The ‘embroideress Euphemia’ : the mummy, her clothes and accessories

A multidisciplinary quest on the origin and authenticity

The Royal Museums of Art and History in Brussels possess an important collection of about 500 textiles found in Egypt and dating to the first millennium AD. A well known ensemble comes from two different graves from a necropolis in Antinoë (Middle Egypt). It was purchased at a public auction in Paris in 1901 having been unearthed the year before by Albert Gayet. This French archaeologist started working in Antinoë on the initiative and with the support of Émile Guimet, but the year in which he discovered the tombs he was sponsored by the Société française du Palais du Costume. The two tombs under discussion are firstly the tomb of the ‘embroideress’, of which the mummy, textiles and grave contents were acquired and secondly, the tomb of the goldsmith Colluthos and his wife, of which only part of a sarcophagus and textiles were purchased. In 1905 the whole ensemble was split between two museum collections: the mummy with the grave contents was registered in the Ancient Egyptian collection, while the textiles went first to the section of ‘Textiles and Embroidery’ and ended up, in 1972, in the newly created section of ‘Christian Art from the East’.

While Colluthos’ tomb is exceptionally well documented by five papyri dating to the middle of the 5th century, there is more doubt concerning the mummy of the ‘embroideress’. That is one reason why priority was given to this part of the ensemble. But there is a more important reason: the mummy is untouched and until now remains in the clothes in which she was buried. She is therefore an extremely important source for the study of clothing in Egypt in the first millennium AD. In fact, this study is part of the European Cultural project “Clothing and Identity – New perspectives on textiles in the Roman Empire”. This interdiciplinary six-year project started in 2008 and is directed by the Curt-Engelhorn-Stiftung of the Reiss-Engelhorn-Museum in Mannheim, Germany. The aim of the project is to answer the question of how identity, and more specifically in this case gender and age, was expressed through clothing.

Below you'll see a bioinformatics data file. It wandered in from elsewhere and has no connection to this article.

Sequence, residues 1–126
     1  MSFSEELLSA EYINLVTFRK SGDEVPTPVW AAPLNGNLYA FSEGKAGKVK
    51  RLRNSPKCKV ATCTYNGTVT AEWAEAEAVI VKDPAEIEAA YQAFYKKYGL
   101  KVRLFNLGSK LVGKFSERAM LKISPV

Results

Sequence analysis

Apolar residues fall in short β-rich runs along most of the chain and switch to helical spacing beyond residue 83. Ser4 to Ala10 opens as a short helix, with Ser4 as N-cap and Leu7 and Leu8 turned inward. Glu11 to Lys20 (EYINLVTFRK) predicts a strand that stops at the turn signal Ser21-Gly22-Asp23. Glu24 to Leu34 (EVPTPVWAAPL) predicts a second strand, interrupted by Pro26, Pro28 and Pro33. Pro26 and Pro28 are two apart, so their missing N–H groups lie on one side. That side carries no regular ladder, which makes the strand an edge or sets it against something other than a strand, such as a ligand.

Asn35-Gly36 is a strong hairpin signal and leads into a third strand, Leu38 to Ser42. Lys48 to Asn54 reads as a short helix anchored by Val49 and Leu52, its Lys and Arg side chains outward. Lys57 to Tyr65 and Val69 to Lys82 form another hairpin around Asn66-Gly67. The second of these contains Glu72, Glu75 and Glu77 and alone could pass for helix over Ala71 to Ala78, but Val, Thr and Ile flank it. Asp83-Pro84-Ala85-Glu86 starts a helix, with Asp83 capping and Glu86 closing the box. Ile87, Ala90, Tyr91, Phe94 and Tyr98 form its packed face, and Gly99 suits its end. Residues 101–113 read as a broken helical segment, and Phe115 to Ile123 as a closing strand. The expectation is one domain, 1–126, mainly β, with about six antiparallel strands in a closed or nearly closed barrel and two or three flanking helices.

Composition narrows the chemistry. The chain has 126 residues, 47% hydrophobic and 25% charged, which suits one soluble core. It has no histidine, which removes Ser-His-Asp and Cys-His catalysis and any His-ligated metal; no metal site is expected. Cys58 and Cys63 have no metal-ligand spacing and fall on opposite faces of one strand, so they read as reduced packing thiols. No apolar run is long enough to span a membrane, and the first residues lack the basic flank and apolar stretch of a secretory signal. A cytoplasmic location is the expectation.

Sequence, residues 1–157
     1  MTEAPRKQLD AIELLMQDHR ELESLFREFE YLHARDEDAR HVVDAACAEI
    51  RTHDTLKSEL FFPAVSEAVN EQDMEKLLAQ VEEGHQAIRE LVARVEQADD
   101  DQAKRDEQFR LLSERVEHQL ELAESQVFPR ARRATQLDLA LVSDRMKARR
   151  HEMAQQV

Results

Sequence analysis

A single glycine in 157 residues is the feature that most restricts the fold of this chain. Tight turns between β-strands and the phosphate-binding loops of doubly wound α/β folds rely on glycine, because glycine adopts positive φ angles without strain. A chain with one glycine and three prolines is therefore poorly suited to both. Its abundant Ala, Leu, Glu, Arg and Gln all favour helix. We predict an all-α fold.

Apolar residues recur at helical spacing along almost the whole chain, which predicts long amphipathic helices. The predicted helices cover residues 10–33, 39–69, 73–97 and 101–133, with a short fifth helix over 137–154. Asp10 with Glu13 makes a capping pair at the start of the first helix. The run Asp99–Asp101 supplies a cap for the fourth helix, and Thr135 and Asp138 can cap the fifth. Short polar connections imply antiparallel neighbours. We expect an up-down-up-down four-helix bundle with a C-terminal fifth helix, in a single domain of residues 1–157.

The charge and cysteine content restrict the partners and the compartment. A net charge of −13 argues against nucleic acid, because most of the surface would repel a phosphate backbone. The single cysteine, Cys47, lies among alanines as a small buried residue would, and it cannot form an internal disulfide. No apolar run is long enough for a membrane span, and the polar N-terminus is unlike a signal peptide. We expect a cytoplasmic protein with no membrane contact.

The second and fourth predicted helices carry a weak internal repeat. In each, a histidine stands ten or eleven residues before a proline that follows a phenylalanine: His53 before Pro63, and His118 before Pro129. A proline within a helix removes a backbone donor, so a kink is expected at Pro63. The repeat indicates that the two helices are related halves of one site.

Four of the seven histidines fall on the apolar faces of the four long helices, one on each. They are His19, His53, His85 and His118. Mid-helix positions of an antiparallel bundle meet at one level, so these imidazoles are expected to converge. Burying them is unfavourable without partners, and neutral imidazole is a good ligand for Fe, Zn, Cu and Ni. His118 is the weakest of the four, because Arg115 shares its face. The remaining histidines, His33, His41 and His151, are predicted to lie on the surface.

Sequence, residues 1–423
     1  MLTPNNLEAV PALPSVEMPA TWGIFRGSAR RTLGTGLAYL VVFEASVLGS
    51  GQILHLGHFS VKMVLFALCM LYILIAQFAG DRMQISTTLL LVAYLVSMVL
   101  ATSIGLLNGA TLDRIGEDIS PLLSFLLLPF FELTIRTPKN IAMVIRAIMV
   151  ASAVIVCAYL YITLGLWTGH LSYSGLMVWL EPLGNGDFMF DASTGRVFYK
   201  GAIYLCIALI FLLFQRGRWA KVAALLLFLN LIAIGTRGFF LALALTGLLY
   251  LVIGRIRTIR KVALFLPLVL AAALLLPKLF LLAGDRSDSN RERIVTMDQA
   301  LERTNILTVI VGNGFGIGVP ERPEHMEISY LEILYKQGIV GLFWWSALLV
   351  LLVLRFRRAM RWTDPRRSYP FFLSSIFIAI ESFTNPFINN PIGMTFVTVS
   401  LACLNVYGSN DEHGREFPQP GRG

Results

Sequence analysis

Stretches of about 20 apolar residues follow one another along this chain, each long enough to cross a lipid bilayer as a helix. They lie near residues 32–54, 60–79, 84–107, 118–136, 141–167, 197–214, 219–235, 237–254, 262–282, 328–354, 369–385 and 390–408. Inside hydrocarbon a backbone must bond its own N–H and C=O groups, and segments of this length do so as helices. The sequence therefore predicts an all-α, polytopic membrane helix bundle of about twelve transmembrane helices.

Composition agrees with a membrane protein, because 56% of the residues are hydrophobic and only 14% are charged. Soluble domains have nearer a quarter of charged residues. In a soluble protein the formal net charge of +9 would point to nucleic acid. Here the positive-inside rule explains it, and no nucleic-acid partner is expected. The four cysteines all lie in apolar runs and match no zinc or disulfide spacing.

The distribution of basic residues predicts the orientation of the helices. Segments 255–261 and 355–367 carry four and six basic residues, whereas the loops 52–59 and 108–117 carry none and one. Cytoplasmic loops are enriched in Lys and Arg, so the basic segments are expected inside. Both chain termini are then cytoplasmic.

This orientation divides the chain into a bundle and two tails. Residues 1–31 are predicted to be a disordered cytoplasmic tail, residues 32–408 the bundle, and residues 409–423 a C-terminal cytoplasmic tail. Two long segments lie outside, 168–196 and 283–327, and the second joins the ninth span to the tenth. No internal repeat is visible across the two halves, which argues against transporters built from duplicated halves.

Focus on three topics

- a study of inventories, archives and publications in order to understand the history of the mummy since it was unearthed at the very end of the 19th century and identification of the textiles and objects in two sections of the museum.
- a radiocarbon, stable isotope and physical anthropological analysis (taking into account the fact that it was impossible to unwrap the mummy) of the remains of  Euphemia to reveal her age and obtain information of her social and physical environment
- a radiocarbon, dye and technical analysis of the textiles still wrapped around the body, found with the mummy in the showcase or kept separately from the mummy in the museum. Finally also some accessories supposedly found with the mummy were subject to a radiocarbon analysis.

Main partners

Mark Van Strydonck , Mieke Van Raemdonck , Mathieu Boudin, Ina Vanden Berghe, Daniël De Jonghe, Chris Verhecken-Lammens, Kim Cuintelier


At the moment the British Museum conducts a research project 'Antinoupoulis at the British Museum'. Read more